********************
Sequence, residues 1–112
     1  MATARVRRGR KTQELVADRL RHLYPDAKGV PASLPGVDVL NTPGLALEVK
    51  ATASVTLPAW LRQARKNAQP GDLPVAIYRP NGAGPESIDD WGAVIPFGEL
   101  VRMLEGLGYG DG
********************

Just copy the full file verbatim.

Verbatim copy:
Sequence, residues 1–112
     1  MATARVRRGR KTQELVADRL RHLYPDAKGV PASLPGVDVL NTPGLALEVK
    51  ATASVTLPAW LRQARKNAQP GDLPVAIYRP NGAGPESIDD WGAVIPFGEL
   101  VRMLEGLGYG DG